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The Death Row All Stars:
The Story of Baseball, Corruption, and Murder
On Friday, May 24, 1912, Wyoming citizens awoke to the news that the execution of Joseph Seng had been carried out and that his body had been shipped to his aged mother. Below an article about the hanging posted on the front page of the Wyoming Tribune was a column announcing the scores of the National and American League baseball teams that had played the day before Joseph was put to death. In stories that appeared about Seng’s execution in newspapers as far away as Wellsville, New York, writers included a few sentences about how well the former inmate had played the game of baseball. Alston’s All Stars never played again.
By the end of 1911, two of the infielders and two other players had served their time and had been granted parole. Utility player Ora Carman’s sentence expired on September 15, 1911, as did that of the left fielder Earl Stone. Third baseman John Crottie was released in November 1911, and second baseman Frank Fitzgerald was released in December 1911. In 1912 several more players departed the prison. Left fielder H. A. Pendergraft was granted parole in January 1912. Center fielder Sidney Potter’s sentence concluded in June 1912, and so did that of pitcher Thomas Cameron. Cameron moved to Colorado and went to work as a coal miner. Shortstop Joseph Guzzardo was pardoned in July 1912 after helping to extinguish a fire at the penitentiary.
In early January 1913 team manager George Saban petitioned the State Board of Pardons for a reprieve, but his request was denied. Saban watched as Warden Alston’s first baseman, Eugene Rowan, was granted parole in November 1913 and returned to his home in Rock Springs, Wyoming. On December 17, 1913, Saban escaped from the prison road gang he was working with near Manderson in Big Horn County. According to the December 25, 1913, editions of the Thermopolis Record and the Big Horn County Rustler, Saban had help with his getaway. On January 16, 1914, the Carbon County Journal joined them in pointing out that Warden Alston had extended to him “all the privileges that any man serving a penitentiary sentence of twenty years could expect and then some.” The Journal article continued:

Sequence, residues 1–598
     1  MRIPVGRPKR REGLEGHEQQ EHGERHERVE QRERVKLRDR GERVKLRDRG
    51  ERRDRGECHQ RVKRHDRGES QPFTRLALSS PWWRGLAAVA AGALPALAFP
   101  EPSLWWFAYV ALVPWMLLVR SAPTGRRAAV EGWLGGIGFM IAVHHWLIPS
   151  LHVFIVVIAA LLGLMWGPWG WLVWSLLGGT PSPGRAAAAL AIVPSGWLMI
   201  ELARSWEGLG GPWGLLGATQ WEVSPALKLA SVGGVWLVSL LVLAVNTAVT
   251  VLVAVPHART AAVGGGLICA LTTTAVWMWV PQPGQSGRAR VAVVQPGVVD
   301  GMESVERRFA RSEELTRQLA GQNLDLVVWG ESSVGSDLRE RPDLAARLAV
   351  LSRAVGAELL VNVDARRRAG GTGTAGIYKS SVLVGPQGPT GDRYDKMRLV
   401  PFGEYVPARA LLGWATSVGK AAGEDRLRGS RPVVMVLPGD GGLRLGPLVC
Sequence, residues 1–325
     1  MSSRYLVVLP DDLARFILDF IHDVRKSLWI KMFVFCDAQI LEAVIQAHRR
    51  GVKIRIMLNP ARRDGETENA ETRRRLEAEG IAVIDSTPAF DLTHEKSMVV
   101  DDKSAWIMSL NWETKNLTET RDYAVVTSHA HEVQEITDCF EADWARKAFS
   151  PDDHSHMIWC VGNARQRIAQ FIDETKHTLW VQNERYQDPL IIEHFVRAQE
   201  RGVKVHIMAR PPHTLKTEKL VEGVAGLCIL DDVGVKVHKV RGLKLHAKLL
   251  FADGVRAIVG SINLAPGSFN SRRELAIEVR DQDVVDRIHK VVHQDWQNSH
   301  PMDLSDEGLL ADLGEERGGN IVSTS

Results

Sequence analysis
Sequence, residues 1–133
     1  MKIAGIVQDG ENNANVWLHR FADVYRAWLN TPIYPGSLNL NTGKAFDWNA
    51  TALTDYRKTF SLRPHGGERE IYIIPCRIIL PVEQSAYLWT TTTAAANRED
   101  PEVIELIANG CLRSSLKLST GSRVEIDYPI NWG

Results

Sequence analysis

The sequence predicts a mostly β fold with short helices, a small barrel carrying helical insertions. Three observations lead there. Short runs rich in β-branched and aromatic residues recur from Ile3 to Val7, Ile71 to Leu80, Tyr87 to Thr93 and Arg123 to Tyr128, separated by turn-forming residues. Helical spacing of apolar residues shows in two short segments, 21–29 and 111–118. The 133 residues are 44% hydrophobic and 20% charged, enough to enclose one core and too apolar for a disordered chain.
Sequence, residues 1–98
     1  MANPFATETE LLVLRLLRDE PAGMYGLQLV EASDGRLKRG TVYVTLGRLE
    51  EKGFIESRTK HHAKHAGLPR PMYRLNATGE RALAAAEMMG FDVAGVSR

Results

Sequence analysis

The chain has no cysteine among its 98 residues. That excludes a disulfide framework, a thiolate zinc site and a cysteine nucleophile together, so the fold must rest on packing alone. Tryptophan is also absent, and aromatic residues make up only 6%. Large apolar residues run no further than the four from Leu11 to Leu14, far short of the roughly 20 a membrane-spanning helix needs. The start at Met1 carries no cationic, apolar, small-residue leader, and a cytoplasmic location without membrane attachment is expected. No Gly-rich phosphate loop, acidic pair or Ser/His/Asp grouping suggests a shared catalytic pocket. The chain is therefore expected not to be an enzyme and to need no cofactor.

D. O. Johnson, a special prison guard, was assigned to escort Saban back to the prison in Rawlins. Saban asked to be allowed to visit Basin to attend to business at the bank. This was granted, and he and Johnson stopped at a hotel. About 7 o’clock that evening Saban was allowed to go out and see some friends and that was the last seen of him.
For some reason Johnson did not give the alarm until 11 o’clock the next morning, explaining his action by saying that he thought his explaining his action by saying that he thought his man would return and that to report him would be to take away his credits.
Saban seems to have evaporated. There are plenty of rumors but nothing authentic can be learned of his movements after leaving the hotel. It is said that an auto passed through Greybull [Wyoming] that night, but that might or might not mean anything. It is also said that his plan was to reach the coast and take passage for South America. There is another theory that he is hiding at the home of some friend in Basin.
All these stories are vague and may mean nothing. One thing is certain and that is that he ought to be easy to get if he is trying to make the getaway. The fact that he is a large man with a pleasant voice and manner, has a habit of smiling and showing a handsome set of teeth when he speaks, and has crippled hands ought to attract the attention of any officer who has his description.
To learn more about inmates who played ball for their lives read the book
The Death Row All Stars:
The Story of Baseball, Corruption, and Murder.